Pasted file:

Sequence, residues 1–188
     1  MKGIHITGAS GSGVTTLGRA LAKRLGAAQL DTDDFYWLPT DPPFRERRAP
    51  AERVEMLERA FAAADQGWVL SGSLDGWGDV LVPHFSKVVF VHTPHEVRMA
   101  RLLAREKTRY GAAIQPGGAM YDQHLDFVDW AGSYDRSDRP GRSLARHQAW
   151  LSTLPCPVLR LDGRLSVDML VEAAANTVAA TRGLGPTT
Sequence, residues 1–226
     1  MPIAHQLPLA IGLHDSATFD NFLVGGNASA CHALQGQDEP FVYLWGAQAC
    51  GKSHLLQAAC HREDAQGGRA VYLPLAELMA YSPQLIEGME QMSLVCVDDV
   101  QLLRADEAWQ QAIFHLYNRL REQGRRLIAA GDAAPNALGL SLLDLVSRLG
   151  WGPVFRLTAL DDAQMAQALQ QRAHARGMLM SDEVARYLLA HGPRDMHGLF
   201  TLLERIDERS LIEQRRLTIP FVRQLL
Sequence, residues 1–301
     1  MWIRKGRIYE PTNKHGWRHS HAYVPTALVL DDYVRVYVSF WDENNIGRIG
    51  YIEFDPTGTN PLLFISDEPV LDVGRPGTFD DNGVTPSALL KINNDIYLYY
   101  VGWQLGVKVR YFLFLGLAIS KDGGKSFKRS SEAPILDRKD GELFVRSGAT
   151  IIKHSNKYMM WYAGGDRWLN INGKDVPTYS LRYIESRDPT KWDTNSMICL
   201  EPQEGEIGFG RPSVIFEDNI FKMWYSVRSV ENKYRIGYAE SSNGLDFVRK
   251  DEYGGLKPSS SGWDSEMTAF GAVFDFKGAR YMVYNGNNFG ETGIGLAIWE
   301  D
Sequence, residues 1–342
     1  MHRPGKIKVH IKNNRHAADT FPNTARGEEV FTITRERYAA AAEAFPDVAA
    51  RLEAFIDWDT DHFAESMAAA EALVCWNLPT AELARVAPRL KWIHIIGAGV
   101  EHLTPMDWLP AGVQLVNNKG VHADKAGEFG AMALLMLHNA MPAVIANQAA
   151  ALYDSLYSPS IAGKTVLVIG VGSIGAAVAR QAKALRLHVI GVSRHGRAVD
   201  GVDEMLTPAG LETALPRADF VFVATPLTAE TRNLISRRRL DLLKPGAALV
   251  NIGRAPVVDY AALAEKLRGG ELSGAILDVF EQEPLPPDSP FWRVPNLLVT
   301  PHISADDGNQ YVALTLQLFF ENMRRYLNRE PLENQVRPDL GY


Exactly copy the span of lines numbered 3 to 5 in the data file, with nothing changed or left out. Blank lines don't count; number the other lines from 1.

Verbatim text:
    51  AERVEMLERA FAAADQGWVL SGSLDGWGDV LVPHFSKVVF VHTPHEVRMA
   101  RLLAREKTRY GAAIQPGGAM YDQHLDFVDW AGSYDRSDRP GRSLARHQAW
   151  LSTLPCPVLR LDGRLSVDML VEAAANTVAA TRGLGPTT